However, there has been sufficient evidence that links the use of morcellators manufactured by Johnson & Johnson as the cause of endometrial cancer in 1 out of 370 women who went through a laparoscopic surgery with the device. Following the claims, the company then sent for an order to recall the morcellators. There are morcellator lawyers currently working the case, keeping up to date with the cases being filed against the manufacturers.

That is why it is incredibly important to know the pros and cons of a surgical procedure before consenting to it. Knowing the risks as well as understanding how a procedure can possibly affect your life is something that you should not take lightly. If you or someone you know has been diagnosed with endometrial cancer, following a laparoscopic surgery with the use of a morcellator, it is recommended that legal help is sought out immediately.

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“Real Parties in Interest” in the Event of Wrongful Death

Posted by on Mar 16, 2015 in Personal Injury | 0 comments

Many accidents that occur are due to other people’s reckless or negligent behavior. Of course these are definitely preventable; however, those that do occur and result in injuries or damages can be subjected to civil action to enable the innocent victim to seek compensation from the liable party: a right recognized under the tort law.

There are different types of accidents which can cause injury to a person. These include road accidents involving cars, trucks, motorcycles, pedestrians and bicyclists, use of defective products, slip and fall accidents, work-related accident, dental or medical malpractice, and so forth. The injuries these accidents can inflict also varies, from a mild scratch to something very serious, like a fractured bone, laceration, head injury, amputated limb, damage to the spinal cord, etc. However, the most serious harm that may befall a person is wrongful death.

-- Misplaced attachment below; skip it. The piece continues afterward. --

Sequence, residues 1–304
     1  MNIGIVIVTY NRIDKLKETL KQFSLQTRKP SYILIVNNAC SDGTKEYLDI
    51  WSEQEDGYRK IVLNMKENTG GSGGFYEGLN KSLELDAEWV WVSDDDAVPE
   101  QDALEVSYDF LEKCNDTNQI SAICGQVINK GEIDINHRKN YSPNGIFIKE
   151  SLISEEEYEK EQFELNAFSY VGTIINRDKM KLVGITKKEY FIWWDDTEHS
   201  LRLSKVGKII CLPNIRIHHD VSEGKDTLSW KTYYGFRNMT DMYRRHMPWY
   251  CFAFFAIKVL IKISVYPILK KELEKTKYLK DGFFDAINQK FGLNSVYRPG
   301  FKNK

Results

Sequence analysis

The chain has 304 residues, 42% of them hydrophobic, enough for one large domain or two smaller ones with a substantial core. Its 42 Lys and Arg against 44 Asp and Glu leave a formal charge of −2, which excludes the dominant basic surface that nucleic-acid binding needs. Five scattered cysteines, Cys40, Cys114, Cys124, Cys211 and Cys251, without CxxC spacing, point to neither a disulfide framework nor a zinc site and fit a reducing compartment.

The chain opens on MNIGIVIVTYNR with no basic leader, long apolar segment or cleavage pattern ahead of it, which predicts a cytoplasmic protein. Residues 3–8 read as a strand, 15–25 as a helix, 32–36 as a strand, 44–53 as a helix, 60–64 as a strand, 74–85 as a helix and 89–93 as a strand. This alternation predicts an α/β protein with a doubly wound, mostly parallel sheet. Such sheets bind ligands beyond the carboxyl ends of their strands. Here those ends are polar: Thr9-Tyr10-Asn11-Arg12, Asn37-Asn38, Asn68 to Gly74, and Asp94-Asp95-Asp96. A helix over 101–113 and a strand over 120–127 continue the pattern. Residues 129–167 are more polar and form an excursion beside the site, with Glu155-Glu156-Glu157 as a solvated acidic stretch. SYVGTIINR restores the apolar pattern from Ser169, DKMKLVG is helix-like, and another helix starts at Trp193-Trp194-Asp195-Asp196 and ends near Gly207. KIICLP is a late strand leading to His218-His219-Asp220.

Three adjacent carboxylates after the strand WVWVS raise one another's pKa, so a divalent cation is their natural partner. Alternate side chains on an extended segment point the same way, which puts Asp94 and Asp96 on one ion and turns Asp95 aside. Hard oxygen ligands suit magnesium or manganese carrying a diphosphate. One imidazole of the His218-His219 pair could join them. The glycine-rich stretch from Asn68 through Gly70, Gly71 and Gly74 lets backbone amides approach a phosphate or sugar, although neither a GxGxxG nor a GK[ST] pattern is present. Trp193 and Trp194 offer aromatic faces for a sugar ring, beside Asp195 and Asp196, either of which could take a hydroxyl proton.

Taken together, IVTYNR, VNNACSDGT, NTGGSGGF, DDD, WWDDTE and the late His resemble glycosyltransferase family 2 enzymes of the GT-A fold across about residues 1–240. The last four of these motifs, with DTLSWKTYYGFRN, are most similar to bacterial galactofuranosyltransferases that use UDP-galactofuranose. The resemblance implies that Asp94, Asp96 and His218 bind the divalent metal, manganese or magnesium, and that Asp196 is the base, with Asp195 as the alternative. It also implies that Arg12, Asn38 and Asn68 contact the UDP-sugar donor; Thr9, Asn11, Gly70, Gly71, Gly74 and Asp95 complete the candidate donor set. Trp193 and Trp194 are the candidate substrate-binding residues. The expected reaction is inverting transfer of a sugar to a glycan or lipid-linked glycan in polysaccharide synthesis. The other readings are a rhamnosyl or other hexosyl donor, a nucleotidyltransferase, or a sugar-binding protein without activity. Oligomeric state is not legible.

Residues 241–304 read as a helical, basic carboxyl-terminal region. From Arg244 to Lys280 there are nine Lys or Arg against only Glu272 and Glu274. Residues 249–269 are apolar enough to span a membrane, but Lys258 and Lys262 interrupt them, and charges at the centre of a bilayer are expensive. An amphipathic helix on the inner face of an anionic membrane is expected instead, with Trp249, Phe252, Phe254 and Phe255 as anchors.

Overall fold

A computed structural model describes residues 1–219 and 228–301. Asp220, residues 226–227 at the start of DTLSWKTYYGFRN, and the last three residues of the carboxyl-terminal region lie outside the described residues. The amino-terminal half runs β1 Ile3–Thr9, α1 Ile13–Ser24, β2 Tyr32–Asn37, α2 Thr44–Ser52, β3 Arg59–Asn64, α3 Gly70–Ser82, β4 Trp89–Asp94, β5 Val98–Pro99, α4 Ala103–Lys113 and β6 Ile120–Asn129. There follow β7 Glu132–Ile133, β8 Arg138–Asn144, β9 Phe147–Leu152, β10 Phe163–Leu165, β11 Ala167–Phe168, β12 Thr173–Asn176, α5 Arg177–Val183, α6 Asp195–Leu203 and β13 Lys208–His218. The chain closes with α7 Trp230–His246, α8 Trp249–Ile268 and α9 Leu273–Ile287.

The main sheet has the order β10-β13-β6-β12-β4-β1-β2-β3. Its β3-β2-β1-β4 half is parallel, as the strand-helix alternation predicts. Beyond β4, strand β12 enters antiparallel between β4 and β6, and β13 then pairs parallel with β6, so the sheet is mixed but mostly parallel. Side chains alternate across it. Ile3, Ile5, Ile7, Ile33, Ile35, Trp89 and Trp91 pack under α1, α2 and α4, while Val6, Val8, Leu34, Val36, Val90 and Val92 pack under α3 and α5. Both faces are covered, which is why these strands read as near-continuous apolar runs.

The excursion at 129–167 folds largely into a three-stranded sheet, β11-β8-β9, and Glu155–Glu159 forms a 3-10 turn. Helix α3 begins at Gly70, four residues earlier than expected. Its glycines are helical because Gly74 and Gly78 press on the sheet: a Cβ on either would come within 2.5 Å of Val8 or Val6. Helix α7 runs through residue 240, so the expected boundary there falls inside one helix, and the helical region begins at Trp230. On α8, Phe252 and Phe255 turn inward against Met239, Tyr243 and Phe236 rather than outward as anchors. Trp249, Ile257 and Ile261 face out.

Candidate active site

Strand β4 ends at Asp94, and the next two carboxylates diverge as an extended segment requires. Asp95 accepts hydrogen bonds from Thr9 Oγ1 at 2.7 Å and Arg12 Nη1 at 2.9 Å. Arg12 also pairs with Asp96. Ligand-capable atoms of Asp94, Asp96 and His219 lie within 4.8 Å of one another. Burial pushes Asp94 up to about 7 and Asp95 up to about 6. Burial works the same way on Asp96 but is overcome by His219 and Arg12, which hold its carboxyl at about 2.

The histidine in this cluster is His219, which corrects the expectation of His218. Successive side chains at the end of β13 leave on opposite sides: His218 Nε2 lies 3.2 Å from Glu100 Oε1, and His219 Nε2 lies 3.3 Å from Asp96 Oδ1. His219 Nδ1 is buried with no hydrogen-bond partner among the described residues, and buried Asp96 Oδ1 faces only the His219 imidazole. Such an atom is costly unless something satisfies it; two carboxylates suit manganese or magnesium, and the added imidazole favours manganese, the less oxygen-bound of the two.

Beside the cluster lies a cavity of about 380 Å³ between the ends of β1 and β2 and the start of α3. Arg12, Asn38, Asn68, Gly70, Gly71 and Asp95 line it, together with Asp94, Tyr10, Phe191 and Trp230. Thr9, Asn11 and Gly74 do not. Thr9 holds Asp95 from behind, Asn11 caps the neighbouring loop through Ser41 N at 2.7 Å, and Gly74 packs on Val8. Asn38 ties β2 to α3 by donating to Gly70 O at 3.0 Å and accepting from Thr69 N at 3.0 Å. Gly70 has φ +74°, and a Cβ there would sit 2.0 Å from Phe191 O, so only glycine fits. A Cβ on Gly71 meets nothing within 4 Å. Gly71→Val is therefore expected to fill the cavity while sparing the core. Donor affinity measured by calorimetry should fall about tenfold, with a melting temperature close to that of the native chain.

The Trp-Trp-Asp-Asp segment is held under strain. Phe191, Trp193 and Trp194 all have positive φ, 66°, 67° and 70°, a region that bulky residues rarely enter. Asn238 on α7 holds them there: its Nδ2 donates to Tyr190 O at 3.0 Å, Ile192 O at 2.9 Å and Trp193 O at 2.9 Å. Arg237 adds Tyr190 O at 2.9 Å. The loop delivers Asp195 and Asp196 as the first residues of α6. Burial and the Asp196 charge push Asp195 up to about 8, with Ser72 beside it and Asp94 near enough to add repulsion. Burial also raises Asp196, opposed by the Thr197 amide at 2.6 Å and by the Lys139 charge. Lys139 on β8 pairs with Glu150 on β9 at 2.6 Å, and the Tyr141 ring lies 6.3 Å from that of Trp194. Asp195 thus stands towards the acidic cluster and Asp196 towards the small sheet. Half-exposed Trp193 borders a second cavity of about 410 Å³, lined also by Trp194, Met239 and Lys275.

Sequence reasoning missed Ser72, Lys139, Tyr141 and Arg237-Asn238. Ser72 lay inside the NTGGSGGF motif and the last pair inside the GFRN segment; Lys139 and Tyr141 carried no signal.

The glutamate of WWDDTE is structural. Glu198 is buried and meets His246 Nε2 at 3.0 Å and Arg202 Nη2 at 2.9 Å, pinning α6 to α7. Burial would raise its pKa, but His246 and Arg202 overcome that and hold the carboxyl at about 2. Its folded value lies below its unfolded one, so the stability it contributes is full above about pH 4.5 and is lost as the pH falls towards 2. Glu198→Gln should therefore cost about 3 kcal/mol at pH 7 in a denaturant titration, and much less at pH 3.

In a wrongful death situation, a representative (usually a lawyer, but may also be any member of the family) will have to act on behalf of the survivors of the deceased for the filing of a wrongful death claim or lawsuit. While the survivors, legally known as “real parties in interest,” would unquestionably point to the victim’s own family (husband/wife and children) or parents (if the victim is not yet married), some states also recognize certain individuals, who may be considered as among these “real parties in interest.” The lawfully recognized survivors include:

  • Immediate family of the victim: refers to spouse, children and adopted children, while for unmarried individuals, immediate family would refer to parents
  • Financial dependents, like a life partner or a putative spouse: some states recognize a life or domestic partner (who was financially dependent on the deceased) and a putative spouse (a person who, in all sincerity, believes that he/she and the deceased were married) as among the real parties in interest
  • Distant family members: some states also qualify grandparents and siblings in a wrongful death claim
  • All those suffering financially: this stipulation would cover any person who is financially affected and made to suffer because of the death of the victim; this is actually due to the loss of care or support resulting from the victim’s untimely death;

Any legal rights of the surviving family can best be upheld through the assistance of highly-qualified and experienced wrongful death lawyers.